San Diego Man Says He Can't Remember Killing Wife

A San Diego man has been found guilty of the violent murder of his estranged wife.

The case of defendant Armando Perez, who was 37 a the time of the murder, has been long and difficult for all involved. His wife, 19 year old Diana Gonzalez, was killed in a men's restroom of the San Diego City College back on October 12, 2010. Her death was distressingly thorough: she was strangled, stabbed multiple times in her face, neck, chest and genitals, and had the word "Bitch" carved into her back.

The altercation took place a few months after the birth of the couple's first child, a girl. Gonzalez had been taking classes at the college, with plans to become a nurse. She and Perez already had a history of domestic violence; the killing came shortly after Perez allegedly kept her prisoner in a motel room for two days against her will. Police had investigated the incident but did not issue charges.

"He just choked my sister, and threw her in the car, and my sister literally didn't know anything about herself until she woke up, and she had blood all over her face," Gonzalez's sister, Janette, said about the incident.

Gonzalez had a restraining order against him when she was killed.

Perez says that the killing occurred during an argument, during which Gonzalez called him "stupid" and threatened to withhold access to the couple's daughter.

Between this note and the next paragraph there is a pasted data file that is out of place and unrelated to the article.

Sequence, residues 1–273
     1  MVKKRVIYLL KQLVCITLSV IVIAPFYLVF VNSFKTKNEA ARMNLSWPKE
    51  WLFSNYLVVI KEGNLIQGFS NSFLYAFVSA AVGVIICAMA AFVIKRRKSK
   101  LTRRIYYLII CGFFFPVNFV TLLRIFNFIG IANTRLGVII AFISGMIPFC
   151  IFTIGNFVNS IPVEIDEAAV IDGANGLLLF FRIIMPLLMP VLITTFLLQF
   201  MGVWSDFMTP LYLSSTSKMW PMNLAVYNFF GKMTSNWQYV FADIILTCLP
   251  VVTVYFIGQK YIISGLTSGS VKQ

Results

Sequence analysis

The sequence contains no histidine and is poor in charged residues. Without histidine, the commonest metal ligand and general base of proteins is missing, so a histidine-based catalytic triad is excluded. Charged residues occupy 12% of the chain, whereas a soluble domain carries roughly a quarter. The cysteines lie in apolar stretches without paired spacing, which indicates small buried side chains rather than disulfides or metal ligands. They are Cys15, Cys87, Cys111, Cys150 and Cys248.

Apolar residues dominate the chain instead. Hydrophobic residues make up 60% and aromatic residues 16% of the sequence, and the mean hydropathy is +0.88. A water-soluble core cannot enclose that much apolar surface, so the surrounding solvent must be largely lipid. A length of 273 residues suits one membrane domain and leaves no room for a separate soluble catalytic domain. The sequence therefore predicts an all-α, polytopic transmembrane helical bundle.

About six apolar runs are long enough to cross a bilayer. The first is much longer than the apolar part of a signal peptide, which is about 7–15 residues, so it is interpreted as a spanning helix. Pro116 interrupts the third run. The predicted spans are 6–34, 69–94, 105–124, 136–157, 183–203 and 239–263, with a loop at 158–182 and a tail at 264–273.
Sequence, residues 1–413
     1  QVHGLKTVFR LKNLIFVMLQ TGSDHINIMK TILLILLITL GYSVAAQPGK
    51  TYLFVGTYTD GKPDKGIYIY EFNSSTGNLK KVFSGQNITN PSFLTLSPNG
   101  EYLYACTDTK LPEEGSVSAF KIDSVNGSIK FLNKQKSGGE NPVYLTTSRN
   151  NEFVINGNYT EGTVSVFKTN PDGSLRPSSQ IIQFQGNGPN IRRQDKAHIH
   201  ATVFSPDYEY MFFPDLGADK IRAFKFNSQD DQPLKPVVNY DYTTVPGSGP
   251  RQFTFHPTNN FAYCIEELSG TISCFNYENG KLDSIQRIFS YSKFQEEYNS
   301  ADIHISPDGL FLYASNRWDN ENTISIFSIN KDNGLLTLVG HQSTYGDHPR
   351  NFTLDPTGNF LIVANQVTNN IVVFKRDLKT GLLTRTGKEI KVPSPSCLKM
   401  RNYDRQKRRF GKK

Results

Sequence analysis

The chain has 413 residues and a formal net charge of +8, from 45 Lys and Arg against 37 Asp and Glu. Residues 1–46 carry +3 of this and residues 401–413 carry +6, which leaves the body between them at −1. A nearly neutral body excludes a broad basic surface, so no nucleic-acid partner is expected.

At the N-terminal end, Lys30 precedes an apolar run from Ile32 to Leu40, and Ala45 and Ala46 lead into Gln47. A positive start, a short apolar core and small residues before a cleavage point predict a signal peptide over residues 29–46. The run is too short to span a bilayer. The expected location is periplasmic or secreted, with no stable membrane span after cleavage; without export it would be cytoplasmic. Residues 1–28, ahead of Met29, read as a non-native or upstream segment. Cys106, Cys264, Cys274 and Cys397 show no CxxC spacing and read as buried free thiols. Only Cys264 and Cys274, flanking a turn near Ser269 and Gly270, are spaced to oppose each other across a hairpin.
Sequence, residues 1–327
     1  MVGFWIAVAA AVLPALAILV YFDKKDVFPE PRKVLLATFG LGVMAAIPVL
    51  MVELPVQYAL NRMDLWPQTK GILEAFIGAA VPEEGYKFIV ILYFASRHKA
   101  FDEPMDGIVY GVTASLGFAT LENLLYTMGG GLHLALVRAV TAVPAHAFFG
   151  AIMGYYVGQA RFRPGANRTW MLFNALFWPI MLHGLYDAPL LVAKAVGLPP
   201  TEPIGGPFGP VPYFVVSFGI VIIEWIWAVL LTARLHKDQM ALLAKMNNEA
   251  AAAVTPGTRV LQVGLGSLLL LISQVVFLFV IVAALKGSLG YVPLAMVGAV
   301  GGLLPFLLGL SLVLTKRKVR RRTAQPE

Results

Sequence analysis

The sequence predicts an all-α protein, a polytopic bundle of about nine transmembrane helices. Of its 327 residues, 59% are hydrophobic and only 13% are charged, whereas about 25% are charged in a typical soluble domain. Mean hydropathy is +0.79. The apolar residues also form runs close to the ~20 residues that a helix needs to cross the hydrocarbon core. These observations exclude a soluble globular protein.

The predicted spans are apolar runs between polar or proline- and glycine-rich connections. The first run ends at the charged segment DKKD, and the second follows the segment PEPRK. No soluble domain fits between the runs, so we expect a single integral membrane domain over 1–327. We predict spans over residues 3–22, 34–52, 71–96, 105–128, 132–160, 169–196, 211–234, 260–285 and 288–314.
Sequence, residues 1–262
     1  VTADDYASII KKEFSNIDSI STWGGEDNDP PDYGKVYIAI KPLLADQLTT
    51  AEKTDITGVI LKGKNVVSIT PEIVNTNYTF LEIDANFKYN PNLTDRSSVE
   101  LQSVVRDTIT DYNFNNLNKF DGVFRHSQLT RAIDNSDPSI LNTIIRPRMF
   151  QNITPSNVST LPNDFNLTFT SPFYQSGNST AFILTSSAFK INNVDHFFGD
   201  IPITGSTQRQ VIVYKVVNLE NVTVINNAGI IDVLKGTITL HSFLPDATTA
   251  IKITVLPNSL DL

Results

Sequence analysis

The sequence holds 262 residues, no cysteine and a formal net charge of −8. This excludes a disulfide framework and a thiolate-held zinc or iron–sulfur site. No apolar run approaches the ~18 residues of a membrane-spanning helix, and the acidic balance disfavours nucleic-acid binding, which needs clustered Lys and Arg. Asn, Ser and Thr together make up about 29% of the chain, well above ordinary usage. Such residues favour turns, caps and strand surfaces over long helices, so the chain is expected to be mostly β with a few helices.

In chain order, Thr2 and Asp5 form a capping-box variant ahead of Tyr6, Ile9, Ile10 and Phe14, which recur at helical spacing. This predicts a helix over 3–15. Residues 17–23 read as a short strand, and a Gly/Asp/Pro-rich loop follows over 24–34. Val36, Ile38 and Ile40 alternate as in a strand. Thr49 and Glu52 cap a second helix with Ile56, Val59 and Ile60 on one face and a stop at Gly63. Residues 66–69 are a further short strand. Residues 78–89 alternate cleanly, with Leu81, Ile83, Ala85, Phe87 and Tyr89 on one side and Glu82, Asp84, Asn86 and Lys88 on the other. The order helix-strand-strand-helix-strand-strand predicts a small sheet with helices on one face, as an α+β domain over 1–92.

After the killing, Perez fled to Mexico and went into hiding for about a year. He was eventually captured and sent back to the United States to face charges for the murder.

Perez plead guilty in 2014, but an appeals court threw it out after determining that he did not have proper counsel. His second trial ended on Friday, September 15, 2017, with him found guilty of both first-degree murder and lying in wait. He will not be sentenced until November 16.

Perez maintains that he should have been charged with manslaughter, as he believes that he killed his wife in a fit of passion, not premeditated murder. However, he claims that he does not remember actually committing the bloody crime, though he can recall at least some of the fight beforehand, as well as the aftermath, where he washed his hands and took the knife before fleeing.

“It was me but I just became a monster. I don’t know what happened,” he testified.